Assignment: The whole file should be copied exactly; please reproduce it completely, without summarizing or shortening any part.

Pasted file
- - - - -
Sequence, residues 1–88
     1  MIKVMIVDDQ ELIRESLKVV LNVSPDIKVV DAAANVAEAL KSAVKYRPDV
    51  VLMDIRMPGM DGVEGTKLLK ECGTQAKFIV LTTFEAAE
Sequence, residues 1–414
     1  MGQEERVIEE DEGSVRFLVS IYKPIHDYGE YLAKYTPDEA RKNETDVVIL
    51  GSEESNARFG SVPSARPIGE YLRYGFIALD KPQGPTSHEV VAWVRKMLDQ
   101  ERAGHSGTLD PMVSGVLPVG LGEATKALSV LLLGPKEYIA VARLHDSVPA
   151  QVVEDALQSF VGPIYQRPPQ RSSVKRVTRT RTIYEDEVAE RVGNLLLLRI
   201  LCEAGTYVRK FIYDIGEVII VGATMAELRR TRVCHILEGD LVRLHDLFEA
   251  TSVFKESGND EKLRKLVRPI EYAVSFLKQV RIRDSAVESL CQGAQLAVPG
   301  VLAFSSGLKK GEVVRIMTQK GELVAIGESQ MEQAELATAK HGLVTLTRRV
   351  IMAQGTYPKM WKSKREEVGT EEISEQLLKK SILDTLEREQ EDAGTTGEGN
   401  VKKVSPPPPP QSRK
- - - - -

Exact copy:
Sequence, residues 1–88
     1  MIKVMIVDDQ ELIRESLKVV LNVSPDIKVV DAAANVAEAL KSAVKYRPDV
    51  VLMDIRMPGM DGVEGTKLLK ECGTQAKFIV LTTFEAAE
Sequence, residues 1–414
     1  MGQEERVIEE DEGSVRFLVS IYKPIHDYGE YLAKYTPDEA RKNETDVVIL
    51  GSEESNARFG SVPSARPIGE YLRYGFIALD KPQGPTSHEV VAWVRKMLDQ
   101  ERAGHSGTLD PMVSGVLPVG LGEATKALSV LLLGPKEYIA VARLHDSVPA
   151  QVVEDALQSF VGPIYQRPPQ RSSVKRVTRT RTIYEDEVAE RVGNLLLLRI
   201  LCEAGTYVRK FIYDIGEVII VGATMAELRR TRVCHILEGD LVRLHDLFEA
   251  TSVFKESGND EKLRKLVRPI EYAVSFLKQV RIRDSAVESL CQGAQLAVPG
   301  VLAFSSGLKK GEVVRIMTQK GELVAIGESQ MEQAELATAK HGLVTLTRRV
   351  IMAQGTYPKM WKSKREEVGT EEISEQLLKK SILDTLEREQ EDAGTTGEGN
   401  VKKVSPPPPP QSRK